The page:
Instagram may not seem like a place to go for help, but Peter Marin, a senior majoring in business administration, is looking to change that.
Marin’s own struggle with depression inspired him to create “I Got Better,” an Instagram page devoted to sharing stories of those dealing with mental illnesses. Marin said he started “I Got Better” because he saw a need for a dedicated space on social media for people to share genuine, inspiring posts.
He has reached out to many people asking them to share their stories, welcoming people to submit their stories along with a photo that shows them happy and hopeful after overcoming their challenges.
“I think just hearing their stories and what helped them was very inspiring for me,” Marin said. “I’m no professional, but I wanted to do my part and do something to inspire people and help them out.”
Marin said the extremely curated nature of social media platforms can have dangerous implications for mental health.
“Social media is something that creates a fantasy world where everything seems perfect,” he said. “You don’t know the full story.”
At the time of publication, “I Got Better” had over 300 followers on Instagram and Marin is actively reaching out to people to collect more stories. Marin said he hopes to see the platform grow, and plans to release an accompanying website in the near future. He said he wants “I Got Better” to serve as a safe area where people can share and discuss their struggles, while providing hope to those who are going through similar problems.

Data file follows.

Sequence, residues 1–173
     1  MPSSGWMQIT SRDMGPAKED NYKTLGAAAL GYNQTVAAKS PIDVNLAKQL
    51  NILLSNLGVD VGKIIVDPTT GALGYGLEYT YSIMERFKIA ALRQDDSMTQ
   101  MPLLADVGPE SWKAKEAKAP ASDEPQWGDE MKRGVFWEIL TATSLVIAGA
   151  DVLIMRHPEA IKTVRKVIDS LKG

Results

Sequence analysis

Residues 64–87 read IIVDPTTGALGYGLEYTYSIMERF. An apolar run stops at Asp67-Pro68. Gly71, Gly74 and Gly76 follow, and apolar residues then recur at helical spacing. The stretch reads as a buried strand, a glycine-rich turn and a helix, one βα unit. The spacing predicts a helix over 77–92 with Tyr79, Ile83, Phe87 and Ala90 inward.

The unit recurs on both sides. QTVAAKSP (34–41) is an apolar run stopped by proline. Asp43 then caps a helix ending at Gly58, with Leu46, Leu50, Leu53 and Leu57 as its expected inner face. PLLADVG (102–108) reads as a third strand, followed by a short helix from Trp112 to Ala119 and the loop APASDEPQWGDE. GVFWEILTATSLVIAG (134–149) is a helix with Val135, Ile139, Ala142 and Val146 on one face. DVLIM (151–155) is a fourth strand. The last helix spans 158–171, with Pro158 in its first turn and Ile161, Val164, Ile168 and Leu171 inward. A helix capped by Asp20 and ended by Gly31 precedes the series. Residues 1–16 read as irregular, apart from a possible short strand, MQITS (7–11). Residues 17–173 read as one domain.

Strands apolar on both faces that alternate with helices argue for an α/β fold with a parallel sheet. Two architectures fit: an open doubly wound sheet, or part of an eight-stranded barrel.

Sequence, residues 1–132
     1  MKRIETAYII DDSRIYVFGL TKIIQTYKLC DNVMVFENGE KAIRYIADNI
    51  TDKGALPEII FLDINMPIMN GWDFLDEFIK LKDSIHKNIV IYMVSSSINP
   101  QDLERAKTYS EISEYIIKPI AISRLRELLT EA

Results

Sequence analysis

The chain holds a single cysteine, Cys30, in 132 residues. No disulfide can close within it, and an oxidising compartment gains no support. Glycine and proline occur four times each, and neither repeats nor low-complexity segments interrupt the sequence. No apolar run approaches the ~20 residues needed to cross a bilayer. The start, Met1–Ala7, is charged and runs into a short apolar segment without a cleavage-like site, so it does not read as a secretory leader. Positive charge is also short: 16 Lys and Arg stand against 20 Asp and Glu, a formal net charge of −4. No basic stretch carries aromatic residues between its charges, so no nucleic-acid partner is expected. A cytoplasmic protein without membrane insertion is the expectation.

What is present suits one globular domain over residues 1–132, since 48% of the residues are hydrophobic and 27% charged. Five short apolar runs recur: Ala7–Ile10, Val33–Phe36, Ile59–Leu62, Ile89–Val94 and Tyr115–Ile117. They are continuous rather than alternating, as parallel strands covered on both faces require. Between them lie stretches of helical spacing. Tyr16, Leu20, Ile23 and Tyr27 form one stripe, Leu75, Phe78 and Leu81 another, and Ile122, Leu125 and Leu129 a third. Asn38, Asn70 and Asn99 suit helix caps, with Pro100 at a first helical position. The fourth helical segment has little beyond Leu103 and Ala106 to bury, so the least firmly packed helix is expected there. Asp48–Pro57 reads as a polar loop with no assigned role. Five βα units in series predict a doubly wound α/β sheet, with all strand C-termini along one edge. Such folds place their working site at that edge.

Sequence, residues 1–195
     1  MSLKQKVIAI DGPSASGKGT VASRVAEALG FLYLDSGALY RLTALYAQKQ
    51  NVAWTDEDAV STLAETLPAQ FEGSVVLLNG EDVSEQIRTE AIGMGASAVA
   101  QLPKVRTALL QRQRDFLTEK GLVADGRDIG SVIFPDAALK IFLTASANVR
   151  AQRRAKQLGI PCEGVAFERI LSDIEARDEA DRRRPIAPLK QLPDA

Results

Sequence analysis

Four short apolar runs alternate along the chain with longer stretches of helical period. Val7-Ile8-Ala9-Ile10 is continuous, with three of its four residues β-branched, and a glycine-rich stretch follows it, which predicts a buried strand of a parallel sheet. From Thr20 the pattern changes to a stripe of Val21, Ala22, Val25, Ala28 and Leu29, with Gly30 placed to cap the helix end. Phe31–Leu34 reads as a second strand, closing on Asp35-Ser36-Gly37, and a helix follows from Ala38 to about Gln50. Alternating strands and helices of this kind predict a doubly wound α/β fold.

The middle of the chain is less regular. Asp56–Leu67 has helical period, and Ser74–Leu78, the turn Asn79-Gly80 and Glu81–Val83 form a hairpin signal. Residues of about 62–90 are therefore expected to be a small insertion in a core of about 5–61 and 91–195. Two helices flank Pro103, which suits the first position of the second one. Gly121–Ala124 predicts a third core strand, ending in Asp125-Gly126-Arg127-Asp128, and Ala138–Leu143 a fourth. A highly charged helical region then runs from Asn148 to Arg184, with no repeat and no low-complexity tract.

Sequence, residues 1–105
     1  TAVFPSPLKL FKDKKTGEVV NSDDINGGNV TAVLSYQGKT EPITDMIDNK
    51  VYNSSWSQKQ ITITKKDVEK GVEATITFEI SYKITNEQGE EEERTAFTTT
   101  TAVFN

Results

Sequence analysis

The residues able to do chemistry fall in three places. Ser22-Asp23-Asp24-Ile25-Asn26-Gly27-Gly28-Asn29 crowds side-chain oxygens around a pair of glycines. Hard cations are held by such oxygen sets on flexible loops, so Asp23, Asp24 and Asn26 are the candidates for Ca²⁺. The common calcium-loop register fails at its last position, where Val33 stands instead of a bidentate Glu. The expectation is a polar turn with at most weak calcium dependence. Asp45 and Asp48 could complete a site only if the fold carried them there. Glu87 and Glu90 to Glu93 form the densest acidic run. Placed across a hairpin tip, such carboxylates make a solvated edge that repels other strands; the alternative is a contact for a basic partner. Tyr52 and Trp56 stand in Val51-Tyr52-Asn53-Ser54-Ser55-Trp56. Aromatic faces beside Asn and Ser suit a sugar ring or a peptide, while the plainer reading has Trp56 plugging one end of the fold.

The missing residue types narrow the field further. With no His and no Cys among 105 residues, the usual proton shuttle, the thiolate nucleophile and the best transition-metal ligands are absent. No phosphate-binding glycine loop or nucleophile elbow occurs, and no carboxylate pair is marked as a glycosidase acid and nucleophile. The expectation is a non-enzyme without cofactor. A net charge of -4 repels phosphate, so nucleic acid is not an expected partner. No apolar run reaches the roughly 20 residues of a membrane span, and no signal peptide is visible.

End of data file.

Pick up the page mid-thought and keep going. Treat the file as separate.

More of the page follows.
“It’s about creating a community where people can be supportive of one another, where people can express their own stories,” Marin said. “I think using social media to promote mental health awareness is definitely beneficial because it helps erase the stigma that’s present today of the mental health community.”
Despite the hope he believes “I Got Better” can provide to those going through dark times, Marin stresses that he doesn’t want the Instagram page to become a substitute for receiving professional help. If people are experiencing depression or any other mental illness, he encourages them to seek professional advice first.
Marin expressed hope that “I Got Better” will help followers get through difficult days.
“I think this is more of a resource for people, if they had a bad day or they just want to see other people’s stories and get inspiration from them,” Marin said. “They can use the page as a resource to see that they’re not alone and things do get better.”